BOSTON -- To beat the Red Sox on Wednesday night at Fenway Park, the Indians had to demystify the process of facing two of Boston's most prized possessions. The offense couldn't get caught up in the intrigue of getting its first look at Japanese import Daisuke Matsuzaka and his six-pitch assortment. And in a crucial juncture of the ballgame in the bottom of the seventh, Aaron Fultz couldn't succumb to the pressure of pitching to David Ortiz with the bases loaded.
Had the Indians faltered in either of those two segments, they might not have basked in the glow of an 8-4 victory in which they avoided a three-game sweep at the hands of the Red Sox and finished up a nine-game, three-city road trip with a 5-4 record. "The guys really played their tails off this whole trip," manager Eric Wedge said. "Those were three hard-fought games here. I thought we played good baseball here." But while the baseball might have been good, the Tribe's results the first two nights were far from satisfactory. So when Paul Byrd got the ball in opposition of Dice-K, Byrd knew it was an important start. "I think it means a little extra when you're trying to stop a slide," Byrd said. "And I think it means something extra when you're in first place and you have a team a game or two behind you. It's a little extra pressure." The Indians' lead in the American League Central is now 2 1/2 games over the Tigers -- their opponent this weekend at Jacobs Field -- in large part because of Byrd's efforts in the face of that pressure. Byrd won his fourth start in a row with another aggressive attack of the strike zone. He threw a first-pitch strike to 25 of the 27 batters he faced in six-plus innings, and, as has become the standard, he didn't walk anybody, running his streak without allowing a free pass to 43 innings. "He controlled the ballgame again," Wedge said of Byrd. "He made pitches when he had to and stayed away from the big inning." The Indians put together two big innings in support of Byrd -- one on the offensive end against Matsuzaka and the other when Byrd left behind a bases-loaded jam in the seventh. Dice-K was putting together an effective, if not efficient, outing against the Tribe through four innings of work. But the Indians erased a 2-0 deficit in the fifth to set up a sixth inning in which their bats, which had been downright stagnant the first two games of this series, really came alive. Trot Nixon opened the sixth with a double, and David Dellucci followed that one out later with a double of his own to drive Nixon in and give the Indians their first lead of the series, 3-2. "David had a big hit for us," Wedge said. "He's a guy I'm rooting for, and he's starting to come around." Dellucci came around to score on a Josh Barfield single that would have been a double, had Barfield not overrun second and got caught off the bag by Manny Ramirez's throw from left and Dustin Pedroia's phantom tag. No matter, though. With two outs, the Indians continued to unload with Kelly Shoppach's single and Grady Sizemore's two-run homer to right. Just like that, it was a 6-2 ballgame and Matsuzaka was gone. The Indians had been interested in seeing what a $103.11 million investment could buy, and they seemed to have no trouble adjusting to Dice-K's stuff. "We've all faced great pitchers many times," said Shoppach, who had a four-hit night. "With our offense, there's no giving in. We deserve a little bit of credit of putting our nose in there and getting after some tough pitches against a tough pitcher and chasing him out of there earlier than the last two guys [Curt Schilling and Josh Beckett]." The way Byrd was pitching, he didn't look as though he'd be chased early. He threw just 71 pitches through six innings, and he had what seemed to be a comfortable cushion. But in the bottom of the seventh, the Red Sox got to Byrd in the form of three straight singles with none out. Wedge yanked his starter and put in Tom Mastny, who wasted no time getting Coco Crisp to pop out into foul territory and striking out Kevin Youkilis. The biggest threat, though, was still looming in the form of Ortiz. While game-tying grand slams might not be an everyday occurrence, they seem to be a distinct possibility whenever Big Papi steps to the plate in such situations. This situation was placed in the hands of Fultz, who had struggled with his command throughout this road trip. "The one thing you have to do is slow the game down," Fultz said. "You take a deep breath and go after him." In a nine-pitch at-bat, that's just what Fultz did. And Ortiz nearly took him deep when he hammered a fastball down the right-field line. Fortunately for Fultz, it sliced foul. Fultz's next offering was a 2-2 curveball, and Ortiz lined it weakly to Casey Blake at third with the final out. "It wasn't a very good swing," Fultz said. "Anytime you can get a guy like that out and it's not a very good swing, that's good." The Indians, who pounded out a season-high 18 hits on this night, had to label this a good road trip, given that they're in a stretch of 20 games in 20 days and they swept the division-rival Tigers along the way. "We knew this was going to be a challenging stretch for us," Wedge said. "Our guys were up for it."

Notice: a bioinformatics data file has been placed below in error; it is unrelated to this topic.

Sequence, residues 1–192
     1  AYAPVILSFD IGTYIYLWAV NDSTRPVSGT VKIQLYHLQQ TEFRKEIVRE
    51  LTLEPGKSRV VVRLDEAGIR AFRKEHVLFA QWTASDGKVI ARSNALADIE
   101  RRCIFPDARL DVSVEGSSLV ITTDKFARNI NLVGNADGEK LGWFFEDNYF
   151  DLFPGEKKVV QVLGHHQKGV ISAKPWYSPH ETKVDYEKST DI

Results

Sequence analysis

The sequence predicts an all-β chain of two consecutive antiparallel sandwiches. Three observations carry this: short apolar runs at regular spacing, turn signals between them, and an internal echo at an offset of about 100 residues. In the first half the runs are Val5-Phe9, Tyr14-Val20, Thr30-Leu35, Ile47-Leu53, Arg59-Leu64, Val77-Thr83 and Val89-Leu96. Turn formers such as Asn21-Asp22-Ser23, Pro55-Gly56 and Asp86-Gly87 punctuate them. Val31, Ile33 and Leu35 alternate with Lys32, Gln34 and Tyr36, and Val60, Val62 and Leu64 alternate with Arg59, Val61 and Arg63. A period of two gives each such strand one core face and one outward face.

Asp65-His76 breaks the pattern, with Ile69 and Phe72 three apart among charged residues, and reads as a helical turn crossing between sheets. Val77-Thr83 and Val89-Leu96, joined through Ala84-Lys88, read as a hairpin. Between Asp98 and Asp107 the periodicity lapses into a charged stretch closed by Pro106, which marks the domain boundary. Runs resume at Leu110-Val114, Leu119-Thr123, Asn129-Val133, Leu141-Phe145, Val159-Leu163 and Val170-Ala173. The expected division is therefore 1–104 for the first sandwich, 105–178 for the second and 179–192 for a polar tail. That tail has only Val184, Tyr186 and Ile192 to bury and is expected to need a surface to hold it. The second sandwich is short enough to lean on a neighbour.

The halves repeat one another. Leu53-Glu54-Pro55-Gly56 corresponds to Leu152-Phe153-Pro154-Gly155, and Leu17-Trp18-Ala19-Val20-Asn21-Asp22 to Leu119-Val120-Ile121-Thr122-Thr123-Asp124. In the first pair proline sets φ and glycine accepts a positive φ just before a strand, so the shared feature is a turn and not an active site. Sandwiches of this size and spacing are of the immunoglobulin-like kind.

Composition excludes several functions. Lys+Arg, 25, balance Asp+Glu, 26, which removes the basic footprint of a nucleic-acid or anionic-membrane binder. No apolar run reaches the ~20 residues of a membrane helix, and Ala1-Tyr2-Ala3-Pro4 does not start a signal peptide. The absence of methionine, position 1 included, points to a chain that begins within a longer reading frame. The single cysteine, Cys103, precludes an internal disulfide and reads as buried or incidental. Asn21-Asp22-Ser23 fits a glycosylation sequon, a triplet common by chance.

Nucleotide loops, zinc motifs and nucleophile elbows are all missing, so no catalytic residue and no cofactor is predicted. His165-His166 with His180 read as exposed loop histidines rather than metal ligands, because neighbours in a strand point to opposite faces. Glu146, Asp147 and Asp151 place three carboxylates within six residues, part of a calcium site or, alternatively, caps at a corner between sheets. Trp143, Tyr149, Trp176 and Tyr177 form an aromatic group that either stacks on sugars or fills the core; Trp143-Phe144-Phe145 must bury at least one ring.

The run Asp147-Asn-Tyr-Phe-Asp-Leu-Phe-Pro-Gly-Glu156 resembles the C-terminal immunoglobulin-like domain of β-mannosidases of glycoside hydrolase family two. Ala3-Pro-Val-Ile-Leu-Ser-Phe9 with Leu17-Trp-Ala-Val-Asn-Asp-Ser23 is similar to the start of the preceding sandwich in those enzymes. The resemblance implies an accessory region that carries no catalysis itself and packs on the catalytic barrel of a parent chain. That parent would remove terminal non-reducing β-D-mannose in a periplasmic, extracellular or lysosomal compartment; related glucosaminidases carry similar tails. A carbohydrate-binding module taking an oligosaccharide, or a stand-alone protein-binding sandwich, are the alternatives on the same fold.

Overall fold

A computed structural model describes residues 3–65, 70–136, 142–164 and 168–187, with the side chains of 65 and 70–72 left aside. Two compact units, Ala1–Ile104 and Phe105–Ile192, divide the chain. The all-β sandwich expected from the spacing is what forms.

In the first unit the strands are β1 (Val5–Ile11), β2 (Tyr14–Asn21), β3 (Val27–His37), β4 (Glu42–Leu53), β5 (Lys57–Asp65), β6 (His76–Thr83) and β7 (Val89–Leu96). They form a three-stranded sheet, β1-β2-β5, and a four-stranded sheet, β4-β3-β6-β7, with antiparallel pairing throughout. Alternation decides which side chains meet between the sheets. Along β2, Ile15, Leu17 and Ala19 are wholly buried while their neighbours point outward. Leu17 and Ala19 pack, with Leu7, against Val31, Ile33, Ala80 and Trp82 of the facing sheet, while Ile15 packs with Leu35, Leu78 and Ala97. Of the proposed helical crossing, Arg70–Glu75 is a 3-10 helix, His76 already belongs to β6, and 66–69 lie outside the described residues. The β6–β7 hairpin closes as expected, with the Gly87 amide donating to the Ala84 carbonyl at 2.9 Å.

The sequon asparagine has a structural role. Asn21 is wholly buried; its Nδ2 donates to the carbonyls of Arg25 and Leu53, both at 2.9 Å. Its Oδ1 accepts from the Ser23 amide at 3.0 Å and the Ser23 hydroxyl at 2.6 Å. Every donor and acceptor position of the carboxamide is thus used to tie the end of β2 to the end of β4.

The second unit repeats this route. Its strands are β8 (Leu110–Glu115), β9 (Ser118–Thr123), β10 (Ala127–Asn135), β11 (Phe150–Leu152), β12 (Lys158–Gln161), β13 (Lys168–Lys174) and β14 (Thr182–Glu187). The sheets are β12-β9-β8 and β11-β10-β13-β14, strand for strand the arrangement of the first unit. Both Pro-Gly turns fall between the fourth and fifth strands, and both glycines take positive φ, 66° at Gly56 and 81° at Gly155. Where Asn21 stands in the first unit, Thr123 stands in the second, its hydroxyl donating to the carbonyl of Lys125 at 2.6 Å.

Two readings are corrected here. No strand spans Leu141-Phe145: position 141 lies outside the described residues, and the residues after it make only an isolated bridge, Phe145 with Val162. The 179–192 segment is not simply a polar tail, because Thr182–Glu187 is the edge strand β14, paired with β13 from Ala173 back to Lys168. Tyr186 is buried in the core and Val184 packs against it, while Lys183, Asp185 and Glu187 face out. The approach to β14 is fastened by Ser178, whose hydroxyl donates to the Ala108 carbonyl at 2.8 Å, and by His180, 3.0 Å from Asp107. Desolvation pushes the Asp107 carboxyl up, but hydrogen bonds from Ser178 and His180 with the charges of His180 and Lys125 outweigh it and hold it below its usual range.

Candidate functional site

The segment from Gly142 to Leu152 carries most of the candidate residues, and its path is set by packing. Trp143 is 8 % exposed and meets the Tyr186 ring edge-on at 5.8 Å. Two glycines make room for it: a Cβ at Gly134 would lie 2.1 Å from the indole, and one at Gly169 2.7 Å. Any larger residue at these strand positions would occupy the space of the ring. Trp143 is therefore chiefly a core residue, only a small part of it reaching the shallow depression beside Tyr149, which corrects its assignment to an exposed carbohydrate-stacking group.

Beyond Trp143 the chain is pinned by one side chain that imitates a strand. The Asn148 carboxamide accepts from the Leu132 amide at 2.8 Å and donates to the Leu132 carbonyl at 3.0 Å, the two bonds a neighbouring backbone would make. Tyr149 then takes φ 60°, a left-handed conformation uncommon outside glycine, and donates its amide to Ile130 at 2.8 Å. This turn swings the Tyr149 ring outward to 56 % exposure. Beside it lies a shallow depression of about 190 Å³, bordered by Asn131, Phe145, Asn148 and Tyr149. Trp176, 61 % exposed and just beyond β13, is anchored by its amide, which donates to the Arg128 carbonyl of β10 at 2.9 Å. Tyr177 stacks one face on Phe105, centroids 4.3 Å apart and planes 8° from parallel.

Anthony Castrovince is a reporter for MLB.com. This story was not subject to the approval of Major League Baseball or its clubs.